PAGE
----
Tag Archives: Book Review

Review: Kitchens of the Great Midwest

Kitchens of the Great Midwest

Kitchens of the Great Midwest
By J. Ryan Stradal
(Pamela Dorman Books, Hardcover, 9780525429142, July 28, 2015, 320pp.)

The Short of It:

Food has a way of bringing people together but in this novel, not only do they come together, but they continually evolve to discover who they really are.

The Rest of It:

Lars Thorvald, a chef, spends his days consumed with the beauty of the bounty before him. His wife Cynthia, an aspiring sommelier, appears to be his perfect match, but when their daughter Eva is born, Cynthia realizes that motherhood is not for her and abandons both her husband and infant daughter to pursue a life elsewhere.

This was a wonderful read. Many have said that it reads like a collection of short stories but I didn’t get that feeling at all. Each chapter is based on an ingredient that becomes very important at the end of the novel, but it lends a certain mystery to the story as new characters are introduced and the pieces begin to come together.

If you are a foodie, you will enjoy this book. Even if you’re not, you will enjoy this book because it’s smart and the characters are a little quirky and flawed but they all meld together to tell a really good story.

It’s about family and friends and really, the pursuit of happiness and whatever your definition of happiness may be.

This is a debut novel for Stradal but you’d never know it while reading it. It’s a delightful read and I thoroughly enjoyed it.

Make sure you check out these additional resources:

Fun Resources for your Book Club!

Online Book Club Kit (recipes, wine pairings, playlists!)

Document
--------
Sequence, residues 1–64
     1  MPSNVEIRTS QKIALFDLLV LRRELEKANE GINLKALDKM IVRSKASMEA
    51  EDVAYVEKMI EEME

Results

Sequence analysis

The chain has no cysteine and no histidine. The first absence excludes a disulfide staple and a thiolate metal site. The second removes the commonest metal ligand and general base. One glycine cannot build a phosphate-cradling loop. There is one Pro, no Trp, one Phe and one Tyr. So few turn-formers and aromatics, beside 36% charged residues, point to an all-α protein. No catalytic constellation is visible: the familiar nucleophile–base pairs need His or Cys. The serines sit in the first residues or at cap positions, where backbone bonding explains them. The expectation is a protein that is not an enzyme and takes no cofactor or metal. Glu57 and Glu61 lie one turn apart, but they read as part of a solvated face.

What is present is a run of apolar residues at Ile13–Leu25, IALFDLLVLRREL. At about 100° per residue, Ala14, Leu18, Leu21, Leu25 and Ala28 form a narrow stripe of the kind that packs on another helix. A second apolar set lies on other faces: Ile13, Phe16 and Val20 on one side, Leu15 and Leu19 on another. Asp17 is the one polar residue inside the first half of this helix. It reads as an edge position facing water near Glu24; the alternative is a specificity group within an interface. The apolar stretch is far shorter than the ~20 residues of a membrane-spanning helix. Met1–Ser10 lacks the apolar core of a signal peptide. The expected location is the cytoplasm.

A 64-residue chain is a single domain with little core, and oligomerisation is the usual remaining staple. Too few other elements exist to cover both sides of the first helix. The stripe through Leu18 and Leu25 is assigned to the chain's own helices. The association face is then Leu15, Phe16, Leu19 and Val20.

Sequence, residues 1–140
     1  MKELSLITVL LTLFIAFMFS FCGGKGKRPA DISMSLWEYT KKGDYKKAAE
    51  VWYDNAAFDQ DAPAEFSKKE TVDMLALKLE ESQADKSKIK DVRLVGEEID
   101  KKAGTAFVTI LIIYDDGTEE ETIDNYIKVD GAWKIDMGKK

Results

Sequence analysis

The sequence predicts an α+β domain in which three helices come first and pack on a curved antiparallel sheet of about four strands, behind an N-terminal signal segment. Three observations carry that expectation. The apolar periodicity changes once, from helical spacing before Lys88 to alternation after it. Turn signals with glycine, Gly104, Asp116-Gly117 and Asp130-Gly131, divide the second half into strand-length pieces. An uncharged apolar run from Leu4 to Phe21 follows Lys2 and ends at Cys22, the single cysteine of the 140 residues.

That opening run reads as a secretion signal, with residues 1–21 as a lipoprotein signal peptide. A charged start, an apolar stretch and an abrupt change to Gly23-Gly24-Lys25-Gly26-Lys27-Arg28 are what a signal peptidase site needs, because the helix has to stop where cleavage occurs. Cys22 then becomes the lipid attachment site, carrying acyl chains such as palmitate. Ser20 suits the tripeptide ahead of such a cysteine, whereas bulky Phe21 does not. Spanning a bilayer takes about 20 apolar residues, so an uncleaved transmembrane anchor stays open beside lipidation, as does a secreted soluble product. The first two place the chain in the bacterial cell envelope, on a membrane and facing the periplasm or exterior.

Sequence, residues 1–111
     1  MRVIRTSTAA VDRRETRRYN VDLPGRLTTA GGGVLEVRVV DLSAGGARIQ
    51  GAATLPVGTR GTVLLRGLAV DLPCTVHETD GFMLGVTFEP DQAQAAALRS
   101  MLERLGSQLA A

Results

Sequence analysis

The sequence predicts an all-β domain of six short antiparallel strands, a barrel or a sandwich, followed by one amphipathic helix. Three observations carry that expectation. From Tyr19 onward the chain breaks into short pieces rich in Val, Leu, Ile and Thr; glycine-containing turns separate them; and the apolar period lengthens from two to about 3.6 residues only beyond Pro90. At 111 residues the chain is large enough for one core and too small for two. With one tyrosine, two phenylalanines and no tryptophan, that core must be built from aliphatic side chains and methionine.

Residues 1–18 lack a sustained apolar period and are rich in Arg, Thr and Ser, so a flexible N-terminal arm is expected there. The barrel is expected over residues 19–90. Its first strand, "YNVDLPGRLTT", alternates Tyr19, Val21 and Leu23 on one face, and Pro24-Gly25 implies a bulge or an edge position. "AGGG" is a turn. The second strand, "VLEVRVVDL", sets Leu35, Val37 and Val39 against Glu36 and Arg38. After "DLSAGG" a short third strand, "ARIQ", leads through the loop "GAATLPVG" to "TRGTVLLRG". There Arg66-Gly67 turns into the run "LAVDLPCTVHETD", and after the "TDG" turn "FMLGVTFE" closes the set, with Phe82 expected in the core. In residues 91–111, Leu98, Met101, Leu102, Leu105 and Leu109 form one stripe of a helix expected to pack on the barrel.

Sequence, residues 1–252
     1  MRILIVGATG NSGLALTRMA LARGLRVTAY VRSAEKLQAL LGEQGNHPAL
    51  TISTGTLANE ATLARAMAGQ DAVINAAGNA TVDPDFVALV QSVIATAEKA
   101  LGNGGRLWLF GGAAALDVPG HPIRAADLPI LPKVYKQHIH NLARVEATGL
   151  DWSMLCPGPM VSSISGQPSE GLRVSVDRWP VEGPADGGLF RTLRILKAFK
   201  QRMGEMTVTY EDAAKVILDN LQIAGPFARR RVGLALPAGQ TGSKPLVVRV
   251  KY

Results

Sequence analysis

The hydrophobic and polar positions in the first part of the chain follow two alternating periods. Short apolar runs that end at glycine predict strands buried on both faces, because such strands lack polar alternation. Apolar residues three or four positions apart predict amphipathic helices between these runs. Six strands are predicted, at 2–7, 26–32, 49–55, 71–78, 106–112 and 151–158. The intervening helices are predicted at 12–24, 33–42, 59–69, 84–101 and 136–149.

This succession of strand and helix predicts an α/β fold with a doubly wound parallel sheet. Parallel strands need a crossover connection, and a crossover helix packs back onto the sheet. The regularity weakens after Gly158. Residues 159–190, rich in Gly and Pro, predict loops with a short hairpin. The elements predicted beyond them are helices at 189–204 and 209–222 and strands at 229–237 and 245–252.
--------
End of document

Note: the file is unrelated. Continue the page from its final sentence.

Q & A with J. Ryan Stradal

Source: Sent to me by the publisher.
Disclosure: This post contains Indiebound affiliate links.

Review: Other Voices, Other Rooms

Other Voices, Other Rooms

Other Voices, Other Rooms
By Truman Capote
(Penguin Books, Limited (UK), Paperback, 9780141187655)

The Short of It:

I have a thing for stories set in dusty little towns and this story is full of flawed characters and crazy happenings.

The Rest of It:

From Indiebound:

At the age of twelve, Joel Knox is summoned to meet the father who abandoned him at birth. But when Joel arrives at the decaying mansion in Skully’s Landing, his father is nowhere in sight. What he finds instead is a sullen stepmother who delights in killing birds; an uncle with the face–and heart–of a debauched child; and a fearsome little girl named Idabel who may offer him the closest thing he has ever known to love.

I’ve read Capote before (Breakfast at Tiffany’s, In Cold Blood and a few of his short stories) so when the book club I belong to selected it for June, I was glad. So far, everything he’s written I’ve enjoyed and I’m happy to say that the same can be said for Other Voices, Other Rooms.

This is a satisfying read and gives you plenty to think about. A perfect book to discuss with a group. Its collection of odd characters and the feverish hallucinations of Joel made me question many times if some of the strange happenings actually happened at all.

Joel’s future in this town seems bleak. Skully’s Landing is a dusty, dreary, dead-end town. It’s not so much a destination as a place where people just end up but its inhabitants lend it a certain charm. I use the term loosely because the characters are not charming but in fact, a product of their surroundings.

One of my favorite characters is Idabel, supposedly modeled after Capote’s real-life friend, Harper Lee. She’s a tomboy, pegged as trouble by the townspeople but full of personality.

This novel is many things. It could be called a coming-of-age novel or a book about self-acceptance or perhaps an exploration into gender identity. Whatever it is, it’s rich and atmospheric and yes, a little strange but in a good way.

Source: Borrowed
Disclosure: This post contains Indiebound affiliate links.